Walker and Walker
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The Owl of Minerva is the title of a Walker and Walker installation at Dublin City Gallery, the Hugh Lane curated by Michael Dempsey. It centered on their film Mount Analogue Revisited, a reworking of Rene Daumal’s book ‘Mount Analogue’. Accompanying the film was a body of new work which addresses both the concerns of the film, its siting in one of two adjoining spaces, and a response to the work of Barry Flanagan in SILÂNS that was seen concurrently in an associated gallery space.

Walker and Walker’s film Mount Analogue Revisited, is a reworking of Rene Daumal’s book ‘Mount Analogue’ it was was Daumal’s final work and remained uncompleted due to the author’s premature death. The book is an unfinished story of a voyage to an unknown island, where the voyagers seek an improbable mountain which is seen as a means to link Heaven and Earth. Central to this book and the inception of the voyage, is a text about a symbolic mountain which was written by one of the protagonists but was challenged by another as being factually based.

Walker and Walker take as a starting point for their film, a short passage from the book, where upon the boat’s arrival at the shores of an island, its crew are escorted to a municipal building and asked by an official there to give an account of who they are and the purpose of their visit. Within the confines of this meeting, Walker and Walker fabricate a conversation between three of the crew members, the official and the author himself. They speak of the difficulties involved in making a journey to a superior world other than our own, where the truth cannot not exist, given the limits of reason and rationality. The events play out through dialogue within a single room, which serves to ground the fantastical nature of the film.

Although the film holds true to the book, it is not a literal adaptation, for the conversation that ensues references a broad number of writers, such as Novalis, Stanislaw Lem, Edger Allen Poe, Maurice Blanchot, Hermann Hess, William James. All of whom serve to inform a proposition for the loosening of the limits of rationality. The ending remains unresolved as the viewer is left unaware if the voyagers arrival at this place is instigated by the inhabitants of the island or by their own efforts. It is an adventurous philosophical tale, encompassing poetic passages, leading to a spiritual quest, which borders on science fiction.

Accompanying the film is a body of new work which addresses both the concerns of the film and the two adjoining spaces, in which the film and the work are presented; a black box and a white cube; suggestive of day and night, or lucidity and obscurity. Within this binary structure, Walker and Walker introduce a third element at play, a consideration of the notion of a threshold space; which brings together the before and after in a becoming, instead of separating them.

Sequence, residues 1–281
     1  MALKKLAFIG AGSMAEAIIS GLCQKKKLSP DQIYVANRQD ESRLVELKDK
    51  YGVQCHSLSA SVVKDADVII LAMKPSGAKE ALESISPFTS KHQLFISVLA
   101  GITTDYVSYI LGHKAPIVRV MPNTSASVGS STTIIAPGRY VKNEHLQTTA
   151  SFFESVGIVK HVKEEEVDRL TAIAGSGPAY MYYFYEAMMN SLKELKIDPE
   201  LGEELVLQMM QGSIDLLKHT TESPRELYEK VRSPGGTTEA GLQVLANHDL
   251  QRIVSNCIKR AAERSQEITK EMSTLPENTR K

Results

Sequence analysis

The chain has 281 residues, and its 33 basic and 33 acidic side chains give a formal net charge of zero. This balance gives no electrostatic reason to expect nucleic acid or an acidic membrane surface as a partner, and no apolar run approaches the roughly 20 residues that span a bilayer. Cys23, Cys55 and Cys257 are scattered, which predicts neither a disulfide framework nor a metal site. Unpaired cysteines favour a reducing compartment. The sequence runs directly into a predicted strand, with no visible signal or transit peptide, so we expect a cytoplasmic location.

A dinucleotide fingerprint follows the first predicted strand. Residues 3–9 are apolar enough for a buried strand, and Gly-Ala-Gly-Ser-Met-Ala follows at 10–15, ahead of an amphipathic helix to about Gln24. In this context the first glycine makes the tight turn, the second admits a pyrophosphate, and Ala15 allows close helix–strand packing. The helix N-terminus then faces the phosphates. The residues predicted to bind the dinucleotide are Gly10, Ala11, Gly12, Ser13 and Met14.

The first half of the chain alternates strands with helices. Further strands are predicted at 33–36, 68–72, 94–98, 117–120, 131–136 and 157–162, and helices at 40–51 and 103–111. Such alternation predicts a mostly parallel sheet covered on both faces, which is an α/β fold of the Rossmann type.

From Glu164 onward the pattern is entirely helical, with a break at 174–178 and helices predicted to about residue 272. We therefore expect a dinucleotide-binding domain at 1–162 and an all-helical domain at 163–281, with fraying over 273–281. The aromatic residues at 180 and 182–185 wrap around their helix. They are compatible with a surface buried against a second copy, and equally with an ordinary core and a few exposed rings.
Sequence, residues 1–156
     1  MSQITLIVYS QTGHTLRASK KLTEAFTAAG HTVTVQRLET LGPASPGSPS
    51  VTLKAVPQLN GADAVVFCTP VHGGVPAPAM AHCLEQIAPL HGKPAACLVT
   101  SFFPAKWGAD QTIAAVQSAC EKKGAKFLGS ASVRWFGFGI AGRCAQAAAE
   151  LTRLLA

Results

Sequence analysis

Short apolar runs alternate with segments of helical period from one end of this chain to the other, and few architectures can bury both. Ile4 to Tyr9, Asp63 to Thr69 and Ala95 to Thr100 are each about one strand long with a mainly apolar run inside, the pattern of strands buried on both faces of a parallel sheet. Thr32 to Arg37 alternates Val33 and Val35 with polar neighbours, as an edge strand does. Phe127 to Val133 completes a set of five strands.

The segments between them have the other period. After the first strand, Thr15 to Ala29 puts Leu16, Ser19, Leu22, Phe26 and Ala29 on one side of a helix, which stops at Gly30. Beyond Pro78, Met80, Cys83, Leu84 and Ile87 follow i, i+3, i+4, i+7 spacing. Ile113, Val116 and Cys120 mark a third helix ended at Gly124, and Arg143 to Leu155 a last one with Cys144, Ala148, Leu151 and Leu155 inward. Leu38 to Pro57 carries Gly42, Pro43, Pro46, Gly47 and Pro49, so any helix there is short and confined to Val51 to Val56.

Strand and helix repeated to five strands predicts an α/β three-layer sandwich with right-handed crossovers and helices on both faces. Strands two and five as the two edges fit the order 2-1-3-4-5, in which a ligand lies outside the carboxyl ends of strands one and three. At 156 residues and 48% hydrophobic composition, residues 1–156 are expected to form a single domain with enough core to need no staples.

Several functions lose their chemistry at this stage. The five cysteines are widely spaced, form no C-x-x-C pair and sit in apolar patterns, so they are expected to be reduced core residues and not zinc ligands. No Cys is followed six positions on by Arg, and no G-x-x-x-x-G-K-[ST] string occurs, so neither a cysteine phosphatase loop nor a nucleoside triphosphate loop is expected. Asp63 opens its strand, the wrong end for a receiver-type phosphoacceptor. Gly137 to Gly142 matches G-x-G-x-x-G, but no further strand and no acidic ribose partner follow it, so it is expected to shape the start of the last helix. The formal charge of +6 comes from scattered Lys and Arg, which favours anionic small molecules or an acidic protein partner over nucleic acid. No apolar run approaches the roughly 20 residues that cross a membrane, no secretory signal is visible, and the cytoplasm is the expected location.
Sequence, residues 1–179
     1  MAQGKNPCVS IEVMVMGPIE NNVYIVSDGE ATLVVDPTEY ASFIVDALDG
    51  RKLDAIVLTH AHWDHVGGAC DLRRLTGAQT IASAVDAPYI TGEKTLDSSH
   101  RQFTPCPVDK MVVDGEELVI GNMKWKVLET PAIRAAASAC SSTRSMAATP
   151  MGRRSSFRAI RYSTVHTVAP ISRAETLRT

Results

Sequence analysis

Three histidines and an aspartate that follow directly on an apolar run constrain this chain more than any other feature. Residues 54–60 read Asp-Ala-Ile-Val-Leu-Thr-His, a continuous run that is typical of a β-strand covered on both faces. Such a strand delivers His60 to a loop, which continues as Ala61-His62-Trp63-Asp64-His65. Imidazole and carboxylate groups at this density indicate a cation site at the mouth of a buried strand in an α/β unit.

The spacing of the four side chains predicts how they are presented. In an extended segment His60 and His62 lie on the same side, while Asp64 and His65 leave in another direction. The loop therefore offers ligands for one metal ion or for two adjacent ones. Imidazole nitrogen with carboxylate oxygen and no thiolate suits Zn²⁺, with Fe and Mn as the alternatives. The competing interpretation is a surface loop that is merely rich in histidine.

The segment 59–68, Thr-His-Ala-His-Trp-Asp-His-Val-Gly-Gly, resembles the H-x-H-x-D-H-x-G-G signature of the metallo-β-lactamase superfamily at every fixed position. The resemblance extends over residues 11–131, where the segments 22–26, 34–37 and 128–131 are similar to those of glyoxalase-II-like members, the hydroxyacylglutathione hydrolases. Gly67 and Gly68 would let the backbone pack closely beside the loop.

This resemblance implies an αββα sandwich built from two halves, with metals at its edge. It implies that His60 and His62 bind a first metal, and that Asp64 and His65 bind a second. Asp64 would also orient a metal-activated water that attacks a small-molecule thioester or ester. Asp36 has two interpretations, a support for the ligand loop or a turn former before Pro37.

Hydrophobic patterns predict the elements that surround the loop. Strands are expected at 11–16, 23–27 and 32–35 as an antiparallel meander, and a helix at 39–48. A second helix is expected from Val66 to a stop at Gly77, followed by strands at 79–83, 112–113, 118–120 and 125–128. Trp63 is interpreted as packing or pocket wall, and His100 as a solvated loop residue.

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Mounted on the wall, a series of prepositions and conjunctives; ‘if’,  ‘or’, ‘do’, ‘is’,  and ‘to’ are mounted where the center of each of these words, is cut out in sheet aluminum, opening out the possibility of an understanding of these words, creating a small circular narrative in the space between the two letters; if only this had happened as opposed to that, to take action or not, to go here or there. 
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Echoing the crew awaiting the appropriate circumstances to enable them to enter the shores of Mount Analogue, a taxidermy owl ‘The Owl of Minerva spreads its wings with the falling of the dusk’ sits perched high above. Clearly it will never fly but as the title declares, it awaits a certain moment when the conditions are right, creating an enduring interval in the moment itself.
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Other works shown are One Night Only a neon sign of the same wording, which goes on for the exact duration of one night only during the course of the exhibition.
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Play, Acts I and II

2012, Print diptych

'It does not exist by virtue of a play of words.'

'As I write these words, I ask of you an act of imagination: to run the film backwards as it were, past the printed words on this page to the handwritten words on another page and finally to the blank page before there were any words.'
Articulated in a corridor which functioned as the entrance to a black box space where the film Mount Analogue Revisited was being screened, a postcard of a Sigmar Polke painting is fixed to the gallery wall. The postcard bears the text “Hohere Wesen befahlen : rechte obere Ecke schwarz malen! / Higher beings commanded: paint upper right hand corner black!”. The black area of the top right hand corner of the card was extended onto the gallery wall with black paint. An autonomous work, by Polke and now also by Walker and Walker, it also functioned in this context as a poster for the film, which addresses the concept of higher beings.
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